Sticking a fork in RGGI

Sticking a fork in RGGI

It’s done. At least that’s what the fork being stuck in the Regional Greenhouse Gas Initiative (RGGI) is indicating. At least in Pennsylvania.

But will that, and Virginia’s likely exit from this perverse and onerous spate of government energy market manipulation, set in motion a domino effect and kill this pig in a poke?

Reasonable people and sound markets can only hope.

As Bloomberg Government reports it:

“If Pennsylvania courts don’t kill the state’s participation in [this] regional cap-and-trade program, the November gubernatorial election could do it in.”

Additionally:

“Virginia Gov. Glenn Youngkin is pushing to withdraw his state from the pact by the end of 2023, without any legislative action.”

So, what is RGGI and who’s involved? Here’s a reminder from the Bloomberg scribe:

“RGGI’s member states include Connecticut, Delaware, Maine, Maryland, Massachusetts, New Hampshire, New Jersey, New York, Rhode Island, Vermont and Virginia.

“The states set an enforceable regional limit on the amount of carbon pollution that power plants may emit, and they collect millions of dollars from quarterly auctions in which power producers pay for carbon allowances they must hold for each ton of carbon emissions.”

The idea, supposedly, is to reduce such emissions and use the collected millions on “green” energy.

But in Pennsylvania, this latest effort by a government to control (more would say destroy) the energy marketplace, is stalled in the courts.

Additionally, the Republican candidate for governor says he’d kill RGGI. But even the Democrat candidate appears to have little love for the economy-killing nonsense.

What kind of nonsense? According to one analysis, a multimillion-dollar (and illegally imposed) carbon tax that could raise electricity rates in the commonwealth by more than 277 percent.

And for what? Negligible effect on “climate change.”

Among the findings from a 2018 Cato Institute analysis of RGGI-member states:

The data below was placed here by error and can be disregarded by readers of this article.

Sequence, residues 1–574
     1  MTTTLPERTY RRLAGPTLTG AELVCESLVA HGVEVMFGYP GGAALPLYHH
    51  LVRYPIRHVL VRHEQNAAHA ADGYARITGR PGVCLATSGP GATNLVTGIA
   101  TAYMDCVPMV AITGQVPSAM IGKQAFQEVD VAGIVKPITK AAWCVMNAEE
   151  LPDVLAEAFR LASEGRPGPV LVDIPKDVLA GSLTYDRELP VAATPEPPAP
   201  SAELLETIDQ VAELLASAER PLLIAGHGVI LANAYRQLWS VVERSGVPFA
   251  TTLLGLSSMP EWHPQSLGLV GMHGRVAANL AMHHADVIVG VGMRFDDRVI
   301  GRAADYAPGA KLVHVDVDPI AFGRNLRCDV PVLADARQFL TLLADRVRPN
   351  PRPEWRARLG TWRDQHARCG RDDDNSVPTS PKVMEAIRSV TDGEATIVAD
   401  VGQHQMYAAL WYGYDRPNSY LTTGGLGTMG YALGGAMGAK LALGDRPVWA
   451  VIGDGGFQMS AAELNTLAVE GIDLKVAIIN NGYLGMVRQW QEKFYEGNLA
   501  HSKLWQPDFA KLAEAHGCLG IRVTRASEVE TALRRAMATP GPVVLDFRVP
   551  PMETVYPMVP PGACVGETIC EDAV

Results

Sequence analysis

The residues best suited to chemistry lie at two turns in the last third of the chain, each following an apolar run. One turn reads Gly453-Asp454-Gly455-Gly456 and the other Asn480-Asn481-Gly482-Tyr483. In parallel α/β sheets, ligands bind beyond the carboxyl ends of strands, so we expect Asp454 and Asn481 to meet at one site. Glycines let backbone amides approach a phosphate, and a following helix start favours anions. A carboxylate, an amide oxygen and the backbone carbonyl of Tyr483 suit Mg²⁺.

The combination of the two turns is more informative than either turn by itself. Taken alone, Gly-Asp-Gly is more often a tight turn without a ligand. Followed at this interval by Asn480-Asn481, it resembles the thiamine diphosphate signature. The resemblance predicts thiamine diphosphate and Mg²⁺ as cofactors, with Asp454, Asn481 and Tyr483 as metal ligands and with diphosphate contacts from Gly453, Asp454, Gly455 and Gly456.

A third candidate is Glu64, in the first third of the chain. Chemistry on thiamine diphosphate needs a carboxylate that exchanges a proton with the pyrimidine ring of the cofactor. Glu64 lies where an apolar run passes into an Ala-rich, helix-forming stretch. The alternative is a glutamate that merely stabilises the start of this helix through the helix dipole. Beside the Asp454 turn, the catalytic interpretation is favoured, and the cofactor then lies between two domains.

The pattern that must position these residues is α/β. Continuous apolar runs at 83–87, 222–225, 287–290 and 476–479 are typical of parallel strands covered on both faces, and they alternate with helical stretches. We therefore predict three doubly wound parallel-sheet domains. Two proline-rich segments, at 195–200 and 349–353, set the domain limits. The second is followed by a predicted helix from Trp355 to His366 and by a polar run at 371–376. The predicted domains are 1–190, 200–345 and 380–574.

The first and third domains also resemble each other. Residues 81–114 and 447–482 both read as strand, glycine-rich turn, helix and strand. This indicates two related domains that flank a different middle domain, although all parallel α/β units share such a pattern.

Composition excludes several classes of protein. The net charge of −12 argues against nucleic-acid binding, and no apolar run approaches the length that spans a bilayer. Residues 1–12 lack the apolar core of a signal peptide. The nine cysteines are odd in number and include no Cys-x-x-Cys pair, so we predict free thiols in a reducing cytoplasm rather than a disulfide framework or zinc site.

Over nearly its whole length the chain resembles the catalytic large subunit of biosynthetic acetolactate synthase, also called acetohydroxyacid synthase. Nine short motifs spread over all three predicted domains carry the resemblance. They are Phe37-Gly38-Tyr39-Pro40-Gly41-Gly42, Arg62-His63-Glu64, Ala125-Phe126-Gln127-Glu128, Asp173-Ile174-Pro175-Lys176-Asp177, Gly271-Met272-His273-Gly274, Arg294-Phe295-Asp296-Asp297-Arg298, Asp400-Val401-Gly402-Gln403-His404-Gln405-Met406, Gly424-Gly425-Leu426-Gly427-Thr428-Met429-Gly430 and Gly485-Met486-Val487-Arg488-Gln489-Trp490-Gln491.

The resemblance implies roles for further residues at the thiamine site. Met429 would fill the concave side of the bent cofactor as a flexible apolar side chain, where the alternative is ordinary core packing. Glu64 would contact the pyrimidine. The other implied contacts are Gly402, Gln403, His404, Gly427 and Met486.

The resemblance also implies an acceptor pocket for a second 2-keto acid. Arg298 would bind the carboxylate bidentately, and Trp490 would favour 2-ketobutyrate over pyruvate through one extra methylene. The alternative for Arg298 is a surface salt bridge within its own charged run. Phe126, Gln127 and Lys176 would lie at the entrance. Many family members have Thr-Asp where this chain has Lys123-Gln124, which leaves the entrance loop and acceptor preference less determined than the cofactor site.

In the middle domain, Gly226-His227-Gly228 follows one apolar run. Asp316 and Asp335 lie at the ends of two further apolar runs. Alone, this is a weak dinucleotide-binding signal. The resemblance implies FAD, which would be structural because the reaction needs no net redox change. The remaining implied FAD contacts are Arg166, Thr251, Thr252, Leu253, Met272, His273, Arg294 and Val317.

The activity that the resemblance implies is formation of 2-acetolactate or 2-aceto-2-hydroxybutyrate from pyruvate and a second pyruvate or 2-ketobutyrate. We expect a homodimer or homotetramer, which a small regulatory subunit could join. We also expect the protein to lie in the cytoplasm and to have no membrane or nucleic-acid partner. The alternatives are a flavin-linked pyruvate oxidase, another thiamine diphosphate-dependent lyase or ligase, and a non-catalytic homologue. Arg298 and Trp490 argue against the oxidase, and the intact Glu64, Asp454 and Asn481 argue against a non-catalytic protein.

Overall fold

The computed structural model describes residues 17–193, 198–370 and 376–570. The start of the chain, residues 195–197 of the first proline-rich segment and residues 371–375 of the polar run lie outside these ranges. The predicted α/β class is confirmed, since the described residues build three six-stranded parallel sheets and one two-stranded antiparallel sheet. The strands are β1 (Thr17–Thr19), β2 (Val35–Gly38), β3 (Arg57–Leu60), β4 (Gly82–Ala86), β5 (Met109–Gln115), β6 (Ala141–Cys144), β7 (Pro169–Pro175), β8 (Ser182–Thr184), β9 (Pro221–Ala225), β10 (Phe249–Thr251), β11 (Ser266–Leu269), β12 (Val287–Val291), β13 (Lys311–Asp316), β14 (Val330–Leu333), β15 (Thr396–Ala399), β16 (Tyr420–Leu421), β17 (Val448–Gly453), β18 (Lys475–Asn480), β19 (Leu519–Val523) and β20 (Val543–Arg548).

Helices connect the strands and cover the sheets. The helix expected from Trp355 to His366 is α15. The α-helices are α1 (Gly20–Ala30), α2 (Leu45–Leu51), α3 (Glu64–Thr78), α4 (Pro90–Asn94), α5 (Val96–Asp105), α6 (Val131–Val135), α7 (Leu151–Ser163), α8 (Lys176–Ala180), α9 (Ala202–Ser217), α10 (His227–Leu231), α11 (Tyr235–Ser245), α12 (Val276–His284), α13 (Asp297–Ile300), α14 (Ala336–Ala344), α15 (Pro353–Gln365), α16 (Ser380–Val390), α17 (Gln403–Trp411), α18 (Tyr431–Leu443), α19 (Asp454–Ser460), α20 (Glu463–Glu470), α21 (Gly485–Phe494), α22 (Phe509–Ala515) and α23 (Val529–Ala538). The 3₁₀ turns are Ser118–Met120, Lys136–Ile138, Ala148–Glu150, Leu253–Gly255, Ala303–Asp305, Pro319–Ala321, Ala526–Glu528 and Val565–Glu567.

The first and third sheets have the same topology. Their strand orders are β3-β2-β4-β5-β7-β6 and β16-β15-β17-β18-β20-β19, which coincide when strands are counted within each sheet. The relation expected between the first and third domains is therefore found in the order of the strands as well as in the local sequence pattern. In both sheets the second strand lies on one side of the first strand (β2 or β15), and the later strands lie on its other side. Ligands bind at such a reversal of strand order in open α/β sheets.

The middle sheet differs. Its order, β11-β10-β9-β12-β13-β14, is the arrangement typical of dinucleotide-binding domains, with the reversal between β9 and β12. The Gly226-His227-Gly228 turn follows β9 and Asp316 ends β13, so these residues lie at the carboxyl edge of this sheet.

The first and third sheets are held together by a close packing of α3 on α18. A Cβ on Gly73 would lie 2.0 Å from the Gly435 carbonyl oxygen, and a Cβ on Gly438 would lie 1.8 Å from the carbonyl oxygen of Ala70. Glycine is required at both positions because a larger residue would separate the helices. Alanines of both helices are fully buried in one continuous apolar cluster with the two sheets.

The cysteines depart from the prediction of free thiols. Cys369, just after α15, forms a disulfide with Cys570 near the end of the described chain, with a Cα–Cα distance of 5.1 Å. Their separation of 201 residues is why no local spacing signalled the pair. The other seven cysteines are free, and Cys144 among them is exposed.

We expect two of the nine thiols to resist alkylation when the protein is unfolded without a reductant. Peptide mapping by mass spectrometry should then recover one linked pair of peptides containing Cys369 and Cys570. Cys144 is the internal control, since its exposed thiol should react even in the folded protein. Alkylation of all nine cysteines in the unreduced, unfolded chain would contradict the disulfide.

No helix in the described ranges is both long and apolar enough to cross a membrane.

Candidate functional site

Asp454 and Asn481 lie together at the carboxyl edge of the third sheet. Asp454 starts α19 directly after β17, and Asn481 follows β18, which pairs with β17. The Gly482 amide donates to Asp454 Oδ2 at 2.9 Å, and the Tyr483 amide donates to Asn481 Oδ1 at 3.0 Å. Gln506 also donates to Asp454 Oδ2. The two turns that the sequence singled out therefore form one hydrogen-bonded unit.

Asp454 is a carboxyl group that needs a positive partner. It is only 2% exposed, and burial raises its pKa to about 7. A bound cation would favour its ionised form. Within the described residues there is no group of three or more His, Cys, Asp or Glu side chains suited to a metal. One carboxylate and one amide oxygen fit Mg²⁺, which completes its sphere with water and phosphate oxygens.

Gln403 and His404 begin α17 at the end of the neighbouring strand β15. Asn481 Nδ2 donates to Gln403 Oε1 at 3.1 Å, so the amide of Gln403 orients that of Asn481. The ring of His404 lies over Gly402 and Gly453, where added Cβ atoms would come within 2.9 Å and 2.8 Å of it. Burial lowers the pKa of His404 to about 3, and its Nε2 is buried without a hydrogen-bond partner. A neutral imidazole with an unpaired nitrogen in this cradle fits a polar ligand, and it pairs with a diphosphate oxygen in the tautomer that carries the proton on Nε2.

“There were no added emissions reductions or associated health benefits from the RGGI program.

“Spending of RGGI revenue on energy efficiency, wind, solar power, and low-income fuel assistance had minimal impact.

“RGGI allowance costs added to already high regional electric bills.

“The combined pricing impact resulted in a 12 percent drop in goods production and a 34 percent drop in the production of energy-intensive goods. Comparison states increased goods production by 20 percent and lost only 5 percent of energy-intensive manufacturing. Power imports from other states increased from 8 percent to 17 percent.

“The regional program shifted jobs to other states. A national carbon tax would shift jobs to other countries.”

Talk about a damning bill of particulars.

As this scrivener noted in April:

RGGI is nothing more than “an ill-conceived ecocratic exercise in command economics in the name of installing a social re-engineering program.”

Or as Allegheny Institute researchers Elizabeth Miller and Frank Gamrat noted (in Policy Brief Vol. 19, No. 37):

“RGGI maintains that its cap-and-trade program is market-based. But the mechanisms it uses—such as setting a minimum price called the ‘reserve price’ and other market interventions like ‘cost containment reserve’ and ‘emissions containment reserve’ —are not characteristic of free-market mechanisms.

Continued Miller, a think tank research associate, and Gamrat, the institute’s executive director:

“The increased energy prices for taxpayers, loss of jobs due to mounting energy costs and second-order effects resulting from higher electricity costs are strong arguments against joining RGGI.

“Joining RGGI would be an ill-advised decision that would undermine much of the economic and environmental success the state has enjoyed in the last decade thanks to natural gas production in the electricity market.”

None of that assessment has changed. But what thankfully appears to be changing is the blind bureaucratic devotion to government-mandated economic suicide.

As the 2018 Cato Institute study also proffered:

“A better policy to reduce CO2 emissions is to encourage innovation rather than rely on taxes and regulation. The United States has already reduced emissions 12 percent from 2005 to 2015, more than any other developed country with a large economy, mainly through innovations in natural gas drilling techniques.”

Where there’s a will, there’s a way, goes the old saw. And, clearly, RGGI is not “the way.” It’s past time to close the door on the Regional Greenhouse Gas Initiative.

Colin McNickle is communications and marketing director at the Allegheny Institute for Public Policy (cmcnickle@alleghenyinstitute.org).